Muscle Mustangs & Fast Fords
Ford launches 1.5-Liter EcoBoost Engine, Plans 9, 10-Speed Transmissions with GM
Ford has hit a homerun with its award-winning 1.0-liter EcoBoost engine -- a small displacement turbocharged three-cylinder unit with roughly 123 horsepower that will debut later this year in the 2014 Ford Fiesta. Joining that engine soon in Ford’s growing EcoBoost lineup will be a twin-cam, 1.5-liter aluminum direct-injection, four-cylinder engine that uses some of the same tech as the 1.0-liter.
According to Ford, the new engine will be similar to the existing 1.6-liter EcoBoost in power, but with lower carbon dioxide emissions and better fuel economy. Other features will include the first ever computer-controlled clutch on a belt-drivewater pump and a water-cooled charged air cooler for more efficient air flow. In China, 1.5-liter and smaller engines are big, as cars featuring engines at that displacement or smaller are eligible for bigger tax savings. Expect to see the 1.5-liter replace the 1.6 in the 2014 Ford Fusion here in the U.S.
"Ford EcoBoost technology has changed the way people look at gas engines and has enjoyed huge success with customers,” said Joe Bakaj, vice president, powertrain engineering for Ford, in a statement announcing the new engine. “The new 1.5-liter unit further extends our EcoBoost promise of economical driving in terms of both fuel efficiency and – in some markets – tax savings.”
Also, for the third time in history, Ford is teaming up with GM on a brand new transmission project. This time around, they plan to develop all-new advanced-technology nine- and ten-speed automatic transmissions, which will be installed into future cars, crossovers, SUVs, and trucks. The initial design is already developed and the engineering work is underway.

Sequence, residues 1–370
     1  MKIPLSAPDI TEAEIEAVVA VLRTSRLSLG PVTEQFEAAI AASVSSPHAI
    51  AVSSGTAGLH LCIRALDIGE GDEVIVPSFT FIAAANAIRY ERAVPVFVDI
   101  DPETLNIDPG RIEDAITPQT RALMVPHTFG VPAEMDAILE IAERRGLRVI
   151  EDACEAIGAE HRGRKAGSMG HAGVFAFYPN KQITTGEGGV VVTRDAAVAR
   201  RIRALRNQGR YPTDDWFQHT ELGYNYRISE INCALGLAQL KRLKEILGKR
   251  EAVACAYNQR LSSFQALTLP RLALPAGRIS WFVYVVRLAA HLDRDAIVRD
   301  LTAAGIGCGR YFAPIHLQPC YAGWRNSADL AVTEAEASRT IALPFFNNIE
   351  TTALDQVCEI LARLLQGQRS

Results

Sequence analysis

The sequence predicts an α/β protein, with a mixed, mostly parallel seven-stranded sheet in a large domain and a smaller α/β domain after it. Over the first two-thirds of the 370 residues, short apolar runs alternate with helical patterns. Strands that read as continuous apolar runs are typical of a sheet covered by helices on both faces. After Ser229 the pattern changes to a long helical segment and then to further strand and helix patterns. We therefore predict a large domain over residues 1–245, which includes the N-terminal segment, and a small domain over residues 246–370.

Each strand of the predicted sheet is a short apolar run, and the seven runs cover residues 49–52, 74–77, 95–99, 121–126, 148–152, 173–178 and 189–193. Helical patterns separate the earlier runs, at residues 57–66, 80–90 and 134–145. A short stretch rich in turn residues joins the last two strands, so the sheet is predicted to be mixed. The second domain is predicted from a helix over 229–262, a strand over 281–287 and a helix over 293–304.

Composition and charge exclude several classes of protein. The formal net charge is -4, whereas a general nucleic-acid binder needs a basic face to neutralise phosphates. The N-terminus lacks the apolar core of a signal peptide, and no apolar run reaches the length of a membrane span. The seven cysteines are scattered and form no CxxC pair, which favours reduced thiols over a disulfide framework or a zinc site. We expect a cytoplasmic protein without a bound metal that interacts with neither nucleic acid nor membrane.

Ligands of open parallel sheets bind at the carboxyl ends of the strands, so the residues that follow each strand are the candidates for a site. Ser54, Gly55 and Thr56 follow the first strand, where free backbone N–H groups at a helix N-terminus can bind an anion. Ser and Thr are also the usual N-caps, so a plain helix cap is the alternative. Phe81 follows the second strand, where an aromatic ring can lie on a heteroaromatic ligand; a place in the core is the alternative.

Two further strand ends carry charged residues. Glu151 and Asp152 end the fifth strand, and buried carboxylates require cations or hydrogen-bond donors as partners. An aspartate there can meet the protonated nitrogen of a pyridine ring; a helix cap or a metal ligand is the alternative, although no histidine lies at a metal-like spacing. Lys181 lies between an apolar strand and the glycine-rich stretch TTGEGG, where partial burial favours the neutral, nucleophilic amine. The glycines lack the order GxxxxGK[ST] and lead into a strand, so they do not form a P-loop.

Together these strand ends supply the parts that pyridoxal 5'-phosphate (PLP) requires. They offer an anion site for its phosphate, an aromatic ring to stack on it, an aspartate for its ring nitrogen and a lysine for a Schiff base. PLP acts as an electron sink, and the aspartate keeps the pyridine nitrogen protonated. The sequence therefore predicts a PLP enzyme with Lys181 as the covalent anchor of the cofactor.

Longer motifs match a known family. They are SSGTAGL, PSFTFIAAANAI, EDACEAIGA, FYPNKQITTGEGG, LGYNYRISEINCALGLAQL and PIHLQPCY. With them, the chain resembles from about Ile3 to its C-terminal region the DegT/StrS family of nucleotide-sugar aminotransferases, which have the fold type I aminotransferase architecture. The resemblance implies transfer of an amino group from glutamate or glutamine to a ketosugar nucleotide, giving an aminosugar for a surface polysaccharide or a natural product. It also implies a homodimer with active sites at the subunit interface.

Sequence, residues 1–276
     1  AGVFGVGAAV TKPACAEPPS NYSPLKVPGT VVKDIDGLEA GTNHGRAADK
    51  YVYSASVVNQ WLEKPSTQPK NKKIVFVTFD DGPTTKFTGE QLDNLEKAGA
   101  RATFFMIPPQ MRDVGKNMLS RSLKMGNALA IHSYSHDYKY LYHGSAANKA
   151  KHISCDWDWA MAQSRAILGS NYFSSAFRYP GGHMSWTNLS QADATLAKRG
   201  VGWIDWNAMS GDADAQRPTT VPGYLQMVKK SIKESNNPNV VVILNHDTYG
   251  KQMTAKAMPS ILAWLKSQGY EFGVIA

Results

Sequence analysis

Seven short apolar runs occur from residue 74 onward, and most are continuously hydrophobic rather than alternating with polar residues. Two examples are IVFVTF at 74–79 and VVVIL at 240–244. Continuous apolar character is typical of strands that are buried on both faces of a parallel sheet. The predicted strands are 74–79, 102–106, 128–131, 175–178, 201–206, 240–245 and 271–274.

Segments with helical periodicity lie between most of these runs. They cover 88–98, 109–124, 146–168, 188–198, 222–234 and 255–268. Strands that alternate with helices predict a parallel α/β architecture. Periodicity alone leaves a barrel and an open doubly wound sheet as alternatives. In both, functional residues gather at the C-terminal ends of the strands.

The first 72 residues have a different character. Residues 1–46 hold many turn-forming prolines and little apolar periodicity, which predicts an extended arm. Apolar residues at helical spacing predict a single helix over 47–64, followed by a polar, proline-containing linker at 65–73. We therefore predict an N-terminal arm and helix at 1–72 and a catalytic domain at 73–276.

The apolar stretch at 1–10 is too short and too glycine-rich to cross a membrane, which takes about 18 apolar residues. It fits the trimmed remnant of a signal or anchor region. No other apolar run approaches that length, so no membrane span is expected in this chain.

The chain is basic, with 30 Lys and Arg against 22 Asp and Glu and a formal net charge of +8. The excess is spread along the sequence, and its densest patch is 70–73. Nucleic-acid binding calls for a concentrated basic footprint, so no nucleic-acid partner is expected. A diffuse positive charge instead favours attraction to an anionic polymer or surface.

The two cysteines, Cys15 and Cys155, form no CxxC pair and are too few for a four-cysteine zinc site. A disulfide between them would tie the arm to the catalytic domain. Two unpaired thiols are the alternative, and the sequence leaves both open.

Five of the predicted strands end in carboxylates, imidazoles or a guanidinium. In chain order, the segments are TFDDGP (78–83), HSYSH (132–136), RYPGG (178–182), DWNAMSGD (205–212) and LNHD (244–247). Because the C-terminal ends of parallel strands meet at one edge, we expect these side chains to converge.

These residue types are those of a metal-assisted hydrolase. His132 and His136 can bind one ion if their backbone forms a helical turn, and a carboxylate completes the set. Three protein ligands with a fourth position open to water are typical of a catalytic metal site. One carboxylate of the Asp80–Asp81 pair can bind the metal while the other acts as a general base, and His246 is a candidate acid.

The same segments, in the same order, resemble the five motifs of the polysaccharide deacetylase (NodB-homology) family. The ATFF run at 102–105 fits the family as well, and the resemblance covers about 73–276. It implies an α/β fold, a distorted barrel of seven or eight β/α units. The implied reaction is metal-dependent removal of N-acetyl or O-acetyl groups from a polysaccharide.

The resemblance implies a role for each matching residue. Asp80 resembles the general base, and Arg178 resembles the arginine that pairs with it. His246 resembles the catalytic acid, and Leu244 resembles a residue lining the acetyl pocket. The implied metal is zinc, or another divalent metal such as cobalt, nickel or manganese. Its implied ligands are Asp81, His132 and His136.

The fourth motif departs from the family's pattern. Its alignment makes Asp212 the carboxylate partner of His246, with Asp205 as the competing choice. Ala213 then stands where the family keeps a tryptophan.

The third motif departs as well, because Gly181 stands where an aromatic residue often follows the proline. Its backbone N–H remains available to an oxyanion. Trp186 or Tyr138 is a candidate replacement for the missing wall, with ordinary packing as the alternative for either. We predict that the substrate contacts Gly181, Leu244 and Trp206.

These brand new transmissions will be featured in both the front-wheel drive and rear-wheel drive vehicles and will help improve fuel economy while enhancing the performance for both of Detroit’s American rivals. The idea behind the collaboration is to help both GM and Ford lower costs for design, development, engineering, and testing faster than each could do individually.
"Engineering teams from GM and Ford have already started initial design work on these new transmissions,” said Jim Lanzon, GM vice president of global transmission engineering in a statement announcing the partnership. “We expect these new transmissions to raise the standard of technology, performance and quality for our customers while helping drive fuel economy improvements into both companies’ future product portfolios.”
Already, both companies use their own six-speed transmissions with the Ford Fusion lineup and GM’s popular Chevrolet vehicles such as the Traverse, Malibu, Equinox, and Cruze. With the past transmission projects, it has been proven that both Ford and GM are capable of working closely together when it comes to producing transmissions.
"The goal is to keep hardware identical in the Ford and GM transmissions. This will maximize parts commonality and give both companies economy of scale,” said Craig Renneker, Ford’s chief engineer for transmission and driveline component and pre-program engineering in the statement. “However, we will each use our own control software to ensure that each transmission is carefully matched to the individual brand-specific vehicle DNA for each company.”
When the project is further along, more technical details will be announced by each company before the launch when they feel like the time is right. Stay tuned!